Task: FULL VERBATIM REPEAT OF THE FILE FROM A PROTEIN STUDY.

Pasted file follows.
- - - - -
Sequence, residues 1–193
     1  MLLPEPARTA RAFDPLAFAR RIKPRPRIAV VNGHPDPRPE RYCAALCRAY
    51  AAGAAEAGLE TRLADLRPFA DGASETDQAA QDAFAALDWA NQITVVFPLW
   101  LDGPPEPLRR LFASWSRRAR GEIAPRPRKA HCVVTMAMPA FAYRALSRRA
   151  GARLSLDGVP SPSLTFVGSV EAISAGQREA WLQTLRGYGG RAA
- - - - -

Sequence, residues 1–193
     1  MLLPEPARTA RAFDPLAFAR RIKPRPRIAV VNGHPDPRPE RYCAALCRAY
    51  AAGAAEAGLE TRLADLRPFA DGASETDQAA QDAFAALDWA NQITVVFPLW
   101  LDGPPEPLRR LFASWSRRAR GEIAPRPRKA HCVVTMAMPA FAYRALSRRA
   151  GARLSLDGVP SPSLTFVGSV EAISAGQREA WLQTLRGYGG RAA